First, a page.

Bioethics Forum Essay
Coronavirus and the Crisis of Trust
Every day, common bacteria and viruses like strep pneumoniae and influenza infect human lungs, making it difficult to breathe and, for some, impossible to live. In contrast to other infectious diseases, lower respiratory infections have persisted for decades among the top four global causes of death for adults and children of all income groups. So, what’s different about COVID-19? Maybe a lot–but maybe not so much.
Influenza and coronavirus cause similar symptoms probably through similar modes of transmission. What is unique is that initial public health failures, including concealment, disinformation, and blatant mismanagement of testing and quarantine in China, Iran, the United States and other countries, enabled COVID-19 to travel in the direction of wealth undetected, hitching a ride along the hands and respiratory droplets of airline passengers around the world. The ensuing months of quarantines, misinformation, missteps, conspiracies, and cover-ups no doubt have left their mark on public trust: trust in our governments, trust in our public health systems, trust in our health care providers, and (with the uptick of outward racism) trust in our daily human interactions.
The primary culprits of COVID-19—institutional disinformation and concealment of information—have particularly eroded trust in international and government words and actions among the general public. To understand the ramifications of such violations of public and personal trust, let’s reflect on the Ebola crisis in West Africa (and remember that up until this week Ebola continued to plague the Democratic Republic of the Congo with a fatality rate of 60%). During and following the crisis, international health organizations and governments around the world delayed and then hurriedly invested millions of dollars in rapid deployment, treatment, and surveillance. The global community reacted to the Ebola crisis at a grave cost to the affected West African nations. Apart from the loss of human life, this toll included a severe disruption of health care services, decline in health care utilization and an increase in non-Ebola deaths that accounts for about $19 billion of the crisis’s estimated $53 billion cost.
What did not follow Ebola was investment in health care infrastructure other than for surveillance purposes, empowerment of providers with basic medical equipment, protective personal equipment and diagnostic resources, and trust-building in local and national health systems (with few exceptions). The resultant scarcity of intensive care in West Africa and much of the continent means African patients with severe COVID19 will suffer worse outcomes than their counterparts in high-income countries–a déjà vu moment recalling the discrepancy between Ebola’s mortality of 40-90% in West Africa versus 20% in Europe and the U.S. Even in high-income countries, hospitals have begun to encounter or anticipate overwhelming volumes and inadequate capacities that will be devastating in countries with less robust emergency systems.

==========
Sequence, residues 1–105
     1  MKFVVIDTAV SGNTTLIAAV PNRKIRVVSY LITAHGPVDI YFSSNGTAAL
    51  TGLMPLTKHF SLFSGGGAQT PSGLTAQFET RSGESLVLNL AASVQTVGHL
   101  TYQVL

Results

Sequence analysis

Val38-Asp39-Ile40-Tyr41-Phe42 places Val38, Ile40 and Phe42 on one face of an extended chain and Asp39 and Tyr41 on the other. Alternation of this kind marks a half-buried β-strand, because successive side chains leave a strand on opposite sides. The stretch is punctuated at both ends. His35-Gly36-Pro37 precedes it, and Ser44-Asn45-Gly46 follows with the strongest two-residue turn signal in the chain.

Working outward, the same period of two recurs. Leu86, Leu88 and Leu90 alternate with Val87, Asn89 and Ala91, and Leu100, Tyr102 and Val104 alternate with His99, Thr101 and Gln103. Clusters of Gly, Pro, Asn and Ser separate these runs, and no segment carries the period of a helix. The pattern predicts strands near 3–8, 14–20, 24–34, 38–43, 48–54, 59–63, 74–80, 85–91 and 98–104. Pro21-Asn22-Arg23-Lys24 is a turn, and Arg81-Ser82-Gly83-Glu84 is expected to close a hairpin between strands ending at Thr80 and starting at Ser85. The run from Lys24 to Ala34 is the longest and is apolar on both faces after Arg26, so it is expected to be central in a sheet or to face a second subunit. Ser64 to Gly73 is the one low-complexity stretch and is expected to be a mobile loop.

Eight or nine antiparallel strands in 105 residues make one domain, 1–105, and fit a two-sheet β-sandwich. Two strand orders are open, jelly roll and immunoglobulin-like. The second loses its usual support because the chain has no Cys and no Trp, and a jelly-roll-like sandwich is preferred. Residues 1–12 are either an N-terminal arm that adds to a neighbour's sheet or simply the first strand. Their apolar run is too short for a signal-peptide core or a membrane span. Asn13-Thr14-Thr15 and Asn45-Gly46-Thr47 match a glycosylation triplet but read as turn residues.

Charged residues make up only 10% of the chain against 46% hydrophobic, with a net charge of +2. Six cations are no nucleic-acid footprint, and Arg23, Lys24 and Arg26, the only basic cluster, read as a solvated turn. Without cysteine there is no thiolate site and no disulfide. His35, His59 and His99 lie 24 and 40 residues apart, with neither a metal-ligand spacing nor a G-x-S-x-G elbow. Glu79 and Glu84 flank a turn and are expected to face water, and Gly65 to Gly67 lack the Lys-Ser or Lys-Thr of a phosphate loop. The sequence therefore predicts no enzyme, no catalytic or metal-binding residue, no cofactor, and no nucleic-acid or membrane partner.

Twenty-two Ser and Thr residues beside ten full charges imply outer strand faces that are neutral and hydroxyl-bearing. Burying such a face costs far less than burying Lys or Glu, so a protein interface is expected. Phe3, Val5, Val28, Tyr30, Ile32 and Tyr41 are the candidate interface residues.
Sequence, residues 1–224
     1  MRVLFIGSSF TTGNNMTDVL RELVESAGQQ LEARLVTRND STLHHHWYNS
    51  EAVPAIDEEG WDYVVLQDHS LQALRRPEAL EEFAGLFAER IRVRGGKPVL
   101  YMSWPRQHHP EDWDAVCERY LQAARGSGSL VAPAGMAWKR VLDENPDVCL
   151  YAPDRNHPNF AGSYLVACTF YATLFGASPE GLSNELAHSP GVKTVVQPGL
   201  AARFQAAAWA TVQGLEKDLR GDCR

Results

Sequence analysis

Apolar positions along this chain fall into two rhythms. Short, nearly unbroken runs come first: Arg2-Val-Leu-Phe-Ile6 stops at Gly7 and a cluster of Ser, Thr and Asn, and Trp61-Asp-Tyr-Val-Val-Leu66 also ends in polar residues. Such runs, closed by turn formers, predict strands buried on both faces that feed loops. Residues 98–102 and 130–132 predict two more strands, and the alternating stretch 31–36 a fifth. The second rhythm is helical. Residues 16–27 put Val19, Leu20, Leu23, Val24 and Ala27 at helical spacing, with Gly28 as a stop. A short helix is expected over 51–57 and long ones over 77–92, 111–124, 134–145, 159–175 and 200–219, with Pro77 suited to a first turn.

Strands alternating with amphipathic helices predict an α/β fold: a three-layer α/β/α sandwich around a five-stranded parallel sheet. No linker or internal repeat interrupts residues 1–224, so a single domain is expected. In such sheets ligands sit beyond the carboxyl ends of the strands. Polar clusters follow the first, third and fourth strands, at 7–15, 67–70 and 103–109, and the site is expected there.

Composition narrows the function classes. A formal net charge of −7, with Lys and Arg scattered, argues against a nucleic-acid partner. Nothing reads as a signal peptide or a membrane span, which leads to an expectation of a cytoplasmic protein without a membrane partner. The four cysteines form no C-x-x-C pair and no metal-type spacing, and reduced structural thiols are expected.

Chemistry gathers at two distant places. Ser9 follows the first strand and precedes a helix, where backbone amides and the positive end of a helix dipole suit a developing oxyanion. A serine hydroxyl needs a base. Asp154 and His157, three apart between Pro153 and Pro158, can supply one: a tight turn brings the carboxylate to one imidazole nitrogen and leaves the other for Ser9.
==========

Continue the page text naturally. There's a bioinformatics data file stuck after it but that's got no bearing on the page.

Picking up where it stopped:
Without addressing the root causes of such crises and the economic, health and social inequities of reaction over preparedness, COVD-19 and its crisis of trust will fade into the past, along with Ebola, swine flu, SARS, MERS, and even annually-amnesia-producing influenza virus. Without adequate preparation through emergency care capacity-building, primary and intensive care strengthening, and consistent communication, a pandemic of distrust will awaken on an increasingly regular basis in our increasingly globalized world.
What can we, those with freedom of expression in higher-resourced health care systems, do to build trust? We must insist on truth by publicly decrying and correcting disinformation and misinformation and rallying our elected representatives and communities to provide accurate information. We must rely on trustworthy sources, such as the websites of Johns Hopkins, Centers for Disease Control and Prevention, and the World Health Organization. We must fight for emergency preparedness, including high-quality pre-hospital, emergency, and intensive care and capacity-building post-crisis, by protesting budget cuts to essential domestic and global health programs, emergency response funds (and strategic teams), and critical research. We must elect government representatives dedicated to improving emergency care systems globally.
Last fall, the Global Preparedness Board issued this ominous warning: “For too long, we have allowed a cycle of panic and neglect when it comes to pandemics: we ramp up efforts when there is a serious threat, then quickly forget about them when the threat subsides. It is well past time to act.”
Let’s work together to spread facts, not fear; tell reasons, not rumors; and create solidarity, not stigma. And most importantly, let’s remember to act – to be proactive — when this pandemic, like all others, subsides.
Alexandra Friedman is a fourth-year medical student at the University of California San Francisco who plans to specialize in emergency medicine. Twitter @shmalzi
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